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I'd like to know when the formula [tex]N(t)=N_0e^{-\lambda t}[/tex] is not valid anymore. By that I mean... since [tex]N_0[/tex] is the number of atoms at time [tex]t=0[/tex] and [tex]N(t)[/tex] is the number of atoms at time "[tex]t[/tex]", we see that [tex]N(t)[/tex] depends of [tex]N_0[/tex]. Now my question is : how do you know how many atoms should we take in count? Say we have 2 balls of plutonium, separated by 3 meters. How do you apply the formula given above? Is it still valid? Do you have to take [tex]N_0[/tex] as the number of atoms in the 2 balls, or you can apply the formula for each ball?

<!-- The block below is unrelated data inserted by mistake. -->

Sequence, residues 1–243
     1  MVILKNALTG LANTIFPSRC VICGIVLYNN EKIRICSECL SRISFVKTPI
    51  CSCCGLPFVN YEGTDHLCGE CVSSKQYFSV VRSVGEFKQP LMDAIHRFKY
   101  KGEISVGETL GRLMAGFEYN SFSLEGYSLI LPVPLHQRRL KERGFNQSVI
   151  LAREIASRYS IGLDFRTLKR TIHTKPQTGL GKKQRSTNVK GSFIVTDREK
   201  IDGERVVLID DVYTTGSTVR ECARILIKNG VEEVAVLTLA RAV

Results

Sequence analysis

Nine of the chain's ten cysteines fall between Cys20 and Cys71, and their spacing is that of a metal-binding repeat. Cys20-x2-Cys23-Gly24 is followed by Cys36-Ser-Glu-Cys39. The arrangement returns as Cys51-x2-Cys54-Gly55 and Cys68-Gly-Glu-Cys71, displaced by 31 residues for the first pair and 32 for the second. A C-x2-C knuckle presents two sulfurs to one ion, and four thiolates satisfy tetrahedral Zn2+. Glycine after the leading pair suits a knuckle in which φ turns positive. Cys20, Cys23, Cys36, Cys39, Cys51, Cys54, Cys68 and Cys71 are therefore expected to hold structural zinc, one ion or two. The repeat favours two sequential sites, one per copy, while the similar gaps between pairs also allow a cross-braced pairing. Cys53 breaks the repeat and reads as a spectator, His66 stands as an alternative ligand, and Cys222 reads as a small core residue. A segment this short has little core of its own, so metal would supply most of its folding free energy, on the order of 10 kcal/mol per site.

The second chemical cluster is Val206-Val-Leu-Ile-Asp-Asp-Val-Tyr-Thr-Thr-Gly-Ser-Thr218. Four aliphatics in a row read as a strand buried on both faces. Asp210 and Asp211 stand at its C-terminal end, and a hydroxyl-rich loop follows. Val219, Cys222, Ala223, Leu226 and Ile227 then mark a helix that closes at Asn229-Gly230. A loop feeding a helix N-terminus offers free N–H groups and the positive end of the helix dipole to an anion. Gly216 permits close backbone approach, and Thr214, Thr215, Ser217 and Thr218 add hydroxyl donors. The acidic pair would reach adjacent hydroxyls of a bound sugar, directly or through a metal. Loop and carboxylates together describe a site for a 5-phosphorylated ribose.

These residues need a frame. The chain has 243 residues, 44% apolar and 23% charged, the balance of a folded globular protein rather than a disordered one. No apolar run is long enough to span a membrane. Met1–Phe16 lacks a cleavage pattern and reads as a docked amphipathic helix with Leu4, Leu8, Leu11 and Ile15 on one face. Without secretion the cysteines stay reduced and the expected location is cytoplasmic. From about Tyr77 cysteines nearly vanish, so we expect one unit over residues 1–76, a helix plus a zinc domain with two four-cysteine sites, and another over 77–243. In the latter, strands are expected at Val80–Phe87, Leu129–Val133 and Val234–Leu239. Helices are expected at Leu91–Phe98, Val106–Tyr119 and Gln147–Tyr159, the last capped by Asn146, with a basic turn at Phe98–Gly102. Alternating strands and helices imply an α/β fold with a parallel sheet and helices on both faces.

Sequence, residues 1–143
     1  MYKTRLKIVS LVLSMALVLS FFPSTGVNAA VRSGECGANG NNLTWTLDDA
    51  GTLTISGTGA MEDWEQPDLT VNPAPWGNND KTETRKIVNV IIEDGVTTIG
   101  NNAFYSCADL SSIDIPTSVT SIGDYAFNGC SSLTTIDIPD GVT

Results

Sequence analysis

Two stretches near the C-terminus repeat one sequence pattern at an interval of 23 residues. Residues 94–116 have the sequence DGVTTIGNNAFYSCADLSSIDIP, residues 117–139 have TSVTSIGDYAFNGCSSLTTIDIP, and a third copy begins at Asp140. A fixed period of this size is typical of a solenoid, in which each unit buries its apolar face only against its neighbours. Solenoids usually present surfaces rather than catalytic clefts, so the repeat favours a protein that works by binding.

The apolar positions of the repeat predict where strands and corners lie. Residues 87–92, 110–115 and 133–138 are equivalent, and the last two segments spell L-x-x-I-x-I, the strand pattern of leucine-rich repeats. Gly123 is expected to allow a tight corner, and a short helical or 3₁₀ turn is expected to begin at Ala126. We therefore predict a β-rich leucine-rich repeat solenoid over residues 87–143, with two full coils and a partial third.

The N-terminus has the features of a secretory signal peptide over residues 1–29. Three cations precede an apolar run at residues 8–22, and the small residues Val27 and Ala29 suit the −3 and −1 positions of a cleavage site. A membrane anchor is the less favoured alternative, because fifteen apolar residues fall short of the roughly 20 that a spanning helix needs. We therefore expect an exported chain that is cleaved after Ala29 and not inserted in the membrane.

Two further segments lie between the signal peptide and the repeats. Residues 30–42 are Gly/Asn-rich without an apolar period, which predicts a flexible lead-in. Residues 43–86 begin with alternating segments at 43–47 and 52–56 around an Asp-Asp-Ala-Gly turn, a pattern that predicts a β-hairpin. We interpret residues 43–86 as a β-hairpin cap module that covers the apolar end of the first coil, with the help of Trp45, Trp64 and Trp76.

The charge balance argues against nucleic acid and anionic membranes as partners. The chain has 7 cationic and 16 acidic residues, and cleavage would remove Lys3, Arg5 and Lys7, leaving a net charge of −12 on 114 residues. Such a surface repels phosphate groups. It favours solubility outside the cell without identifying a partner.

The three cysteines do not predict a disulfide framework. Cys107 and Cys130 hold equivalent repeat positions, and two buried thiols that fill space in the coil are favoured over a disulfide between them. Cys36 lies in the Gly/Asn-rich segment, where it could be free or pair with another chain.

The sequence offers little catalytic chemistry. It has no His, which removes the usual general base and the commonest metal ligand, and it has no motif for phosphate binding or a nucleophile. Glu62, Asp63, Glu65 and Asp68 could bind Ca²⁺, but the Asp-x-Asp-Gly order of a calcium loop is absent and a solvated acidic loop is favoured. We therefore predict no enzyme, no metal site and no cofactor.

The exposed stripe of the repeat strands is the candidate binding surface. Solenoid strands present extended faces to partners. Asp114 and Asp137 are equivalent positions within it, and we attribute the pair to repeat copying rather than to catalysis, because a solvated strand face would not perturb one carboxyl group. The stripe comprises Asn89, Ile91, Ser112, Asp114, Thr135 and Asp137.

To be more precise, what is the minimum density of radioactive elements we can consider to have a decent approximation using the formula?

What is the "error" of the formula?

I'm sorry if this makes a lot of questions and if they're not precise enough.

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# Radioactive decay questions

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